Change needed in the way Texas redraws districts
Published January 7th 2004 in Austin American-Statesman
The decision Tuesday by a special panel of three federal judges that the new Texas congressional redistricting plan complies with federal law and the Constitution probably ends this long political war. At least several of the Democratic plaintiffs will appeal to the U.S. Supreme Court, but getting the high court to take a case is usually quite difficult.

This kind of fight over congressional redistricting, which included three special sessions of the Legislature and the spectacle of Democratic lawmakers fleeing first to Oklahoma and then to New Mexico, should not happen again. On that point the federal panel appeared to agree, even as it rejected claims that the new map discriminated against minority voters.

Though the federal panel decided that what the Republican legislative majority did with congressional redistricting was legal, it questioned its rightness. The judges took note of how the arrival of computers has made it far easier for legislators to redraw congressional lines to partisan advantage and, in doing so, to protect themselves from punishment by the voters.

"We know it is rough and tumble politics, and we are ever mindful that the judiciary must call the fouls without participating in the game," the federal court said. "We must nonetheless express concern that in the age of technology this is a very different game."

The court also said, "Congress can assist by banning mid-decade redistricting, which it has the clear constitutional authority to do, as many states have done."

The point is well-taken, and Congress -- and the Texas Legislature -- should consider it.

The state also should enact a change in the way we redistrict, not just when we redistrict. We have supported a change in how redistricting is carried out before, and one Republican state senator, Jeff Wentworth of San Antonio, has introduced such legislation repeatedly, unfortunately without result.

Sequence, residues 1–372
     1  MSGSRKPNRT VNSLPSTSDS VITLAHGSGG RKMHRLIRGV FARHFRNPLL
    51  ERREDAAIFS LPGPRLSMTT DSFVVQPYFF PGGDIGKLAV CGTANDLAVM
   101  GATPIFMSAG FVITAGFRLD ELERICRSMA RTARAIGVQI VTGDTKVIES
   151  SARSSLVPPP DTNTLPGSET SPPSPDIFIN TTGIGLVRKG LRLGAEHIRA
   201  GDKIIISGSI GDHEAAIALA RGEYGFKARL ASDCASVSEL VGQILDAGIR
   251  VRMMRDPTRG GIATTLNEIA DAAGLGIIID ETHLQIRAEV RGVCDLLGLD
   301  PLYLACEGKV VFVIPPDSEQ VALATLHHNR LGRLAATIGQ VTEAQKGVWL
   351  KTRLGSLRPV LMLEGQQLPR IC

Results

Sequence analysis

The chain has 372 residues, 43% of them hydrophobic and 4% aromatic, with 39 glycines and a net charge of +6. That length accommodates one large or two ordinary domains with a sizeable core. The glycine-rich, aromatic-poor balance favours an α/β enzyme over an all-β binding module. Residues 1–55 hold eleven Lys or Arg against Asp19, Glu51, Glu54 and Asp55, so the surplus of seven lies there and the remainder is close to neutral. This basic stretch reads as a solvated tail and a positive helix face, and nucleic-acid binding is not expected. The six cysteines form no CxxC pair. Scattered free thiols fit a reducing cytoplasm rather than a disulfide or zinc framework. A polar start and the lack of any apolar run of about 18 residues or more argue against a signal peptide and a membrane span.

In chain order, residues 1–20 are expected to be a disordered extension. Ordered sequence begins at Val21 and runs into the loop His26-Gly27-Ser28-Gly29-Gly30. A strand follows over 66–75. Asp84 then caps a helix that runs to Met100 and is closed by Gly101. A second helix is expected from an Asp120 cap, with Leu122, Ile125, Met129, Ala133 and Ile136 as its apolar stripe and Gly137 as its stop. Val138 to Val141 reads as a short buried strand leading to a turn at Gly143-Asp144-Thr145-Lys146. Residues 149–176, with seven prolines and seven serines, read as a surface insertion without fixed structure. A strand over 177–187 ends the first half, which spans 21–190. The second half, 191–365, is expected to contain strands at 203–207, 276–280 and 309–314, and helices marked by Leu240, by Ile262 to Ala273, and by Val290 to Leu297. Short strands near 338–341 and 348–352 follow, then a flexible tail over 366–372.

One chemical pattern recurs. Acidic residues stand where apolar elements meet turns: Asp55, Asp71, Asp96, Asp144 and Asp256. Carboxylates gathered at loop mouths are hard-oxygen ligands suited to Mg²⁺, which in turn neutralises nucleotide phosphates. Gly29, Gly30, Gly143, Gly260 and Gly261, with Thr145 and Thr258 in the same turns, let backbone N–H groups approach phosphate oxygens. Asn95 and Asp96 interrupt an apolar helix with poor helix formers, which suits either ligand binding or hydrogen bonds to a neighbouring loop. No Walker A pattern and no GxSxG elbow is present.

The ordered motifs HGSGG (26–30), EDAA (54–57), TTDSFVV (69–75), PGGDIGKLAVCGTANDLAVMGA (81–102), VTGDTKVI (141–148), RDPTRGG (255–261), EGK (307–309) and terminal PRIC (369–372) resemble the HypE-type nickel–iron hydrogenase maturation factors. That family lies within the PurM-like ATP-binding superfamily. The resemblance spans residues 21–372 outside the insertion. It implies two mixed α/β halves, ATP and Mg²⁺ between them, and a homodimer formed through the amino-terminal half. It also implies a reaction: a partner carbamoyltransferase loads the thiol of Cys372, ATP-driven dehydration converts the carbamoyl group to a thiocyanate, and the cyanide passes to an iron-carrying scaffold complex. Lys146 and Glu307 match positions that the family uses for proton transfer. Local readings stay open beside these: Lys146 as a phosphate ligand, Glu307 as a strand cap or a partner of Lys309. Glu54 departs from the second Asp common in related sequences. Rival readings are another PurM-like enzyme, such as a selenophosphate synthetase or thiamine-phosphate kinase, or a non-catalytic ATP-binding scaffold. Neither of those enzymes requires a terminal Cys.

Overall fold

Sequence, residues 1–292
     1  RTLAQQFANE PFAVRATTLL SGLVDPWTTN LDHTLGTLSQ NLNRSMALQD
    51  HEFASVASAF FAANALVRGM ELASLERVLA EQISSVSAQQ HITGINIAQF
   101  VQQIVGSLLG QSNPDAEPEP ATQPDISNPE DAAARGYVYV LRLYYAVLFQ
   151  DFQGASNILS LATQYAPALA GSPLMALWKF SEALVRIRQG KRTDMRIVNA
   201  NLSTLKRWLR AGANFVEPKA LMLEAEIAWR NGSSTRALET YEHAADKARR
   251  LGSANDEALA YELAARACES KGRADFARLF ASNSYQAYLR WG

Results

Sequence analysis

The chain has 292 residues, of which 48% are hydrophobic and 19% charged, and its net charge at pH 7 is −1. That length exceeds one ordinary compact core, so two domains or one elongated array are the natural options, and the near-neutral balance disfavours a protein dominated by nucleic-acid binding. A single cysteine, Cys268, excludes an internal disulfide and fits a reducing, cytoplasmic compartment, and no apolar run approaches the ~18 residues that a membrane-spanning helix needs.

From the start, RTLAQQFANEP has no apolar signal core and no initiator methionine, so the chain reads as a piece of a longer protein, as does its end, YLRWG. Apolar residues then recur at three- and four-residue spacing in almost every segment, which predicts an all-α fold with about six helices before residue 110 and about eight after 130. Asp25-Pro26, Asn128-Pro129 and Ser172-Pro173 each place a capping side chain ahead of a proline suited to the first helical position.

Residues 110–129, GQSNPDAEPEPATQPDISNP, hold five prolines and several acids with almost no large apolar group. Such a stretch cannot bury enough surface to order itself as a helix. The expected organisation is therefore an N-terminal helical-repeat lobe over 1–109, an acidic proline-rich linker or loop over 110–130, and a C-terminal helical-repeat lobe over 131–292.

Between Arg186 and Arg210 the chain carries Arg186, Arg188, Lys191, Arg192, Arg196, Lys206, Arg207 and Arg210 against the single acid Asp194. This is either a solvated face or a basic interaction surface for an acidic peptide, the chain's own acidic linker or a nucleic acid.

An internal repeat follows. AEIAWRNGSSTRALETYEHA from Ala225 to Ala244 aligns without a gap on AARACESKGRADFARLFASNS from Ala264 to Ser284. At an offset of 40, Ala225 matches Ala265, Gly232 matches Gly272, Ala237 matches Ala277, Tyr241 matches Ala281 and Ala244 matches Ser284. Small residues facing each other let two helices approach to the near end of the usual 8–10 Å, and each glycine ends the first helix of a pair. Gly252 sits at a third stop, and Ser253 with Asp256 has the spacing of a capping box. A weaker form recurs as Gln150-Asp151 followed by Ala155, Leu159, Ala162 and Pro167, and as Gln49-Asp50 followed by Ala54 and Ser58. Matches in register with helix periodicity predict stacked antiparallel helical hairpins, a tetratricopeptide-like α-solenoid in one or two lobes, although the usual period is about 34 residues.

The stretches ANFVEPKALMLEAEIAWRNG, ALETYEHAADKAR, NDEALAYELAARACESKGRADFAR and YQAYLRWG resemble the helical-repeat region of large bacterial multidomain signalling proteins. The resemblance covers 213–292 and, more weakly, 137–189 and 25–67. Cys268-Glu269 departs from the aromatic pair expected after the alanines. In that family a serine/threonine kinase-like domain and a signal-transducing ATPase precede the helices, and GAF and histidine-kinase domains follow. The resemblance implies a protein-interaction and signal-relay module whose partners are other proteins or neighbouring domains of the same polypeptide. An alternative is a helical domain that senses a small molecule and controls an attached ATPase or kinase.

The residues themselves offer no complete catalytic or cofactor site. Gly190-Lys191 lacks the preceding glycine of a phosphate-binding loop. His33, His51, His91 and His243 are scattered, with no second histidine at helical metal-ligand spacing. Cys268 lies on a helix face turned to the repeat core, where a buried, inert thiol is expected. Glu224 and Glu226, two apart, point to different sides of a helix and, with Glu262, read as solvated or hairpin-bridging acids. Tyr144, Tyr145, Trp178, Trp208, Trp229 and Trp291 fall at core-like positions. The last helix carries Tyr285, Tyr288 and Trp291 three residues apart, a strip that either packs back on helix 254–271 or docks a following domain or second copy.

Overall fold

According to a National Conference of State Legislatures survey, 12 states have assigned redistricting -- not just congressional, but legislative as well -- to some panel other than their legislatures.

Perhaps the most intriguing is Iowa, where much of the grunt work of congressional redistricting is carried out by a nonpartisan staff under the general oversight of a temporary commission appointed by the Legislature's House and Senate party floor leaders.

Iowa law sets the standards for the staff to follow, including a ban on considering the desires of incumbents, challengers or parties; the addresses of incumbents; the political affiliation of registered voters; or prior election results. The resulting map is still subject to legislative approval, but there are limits on how much it can be amended. One result of this approach is that Iowans actually see election contests for their congressional seats.

The Iowa approach cuts against everything Texas redistricting has meant to both parties, both of which start with incumbent protection for the party in control and move on to the ambitions of state legislators in the majority party. Before the next redistricting in 2011, Texas should adopt a procedure that focuses on citizens, not parties.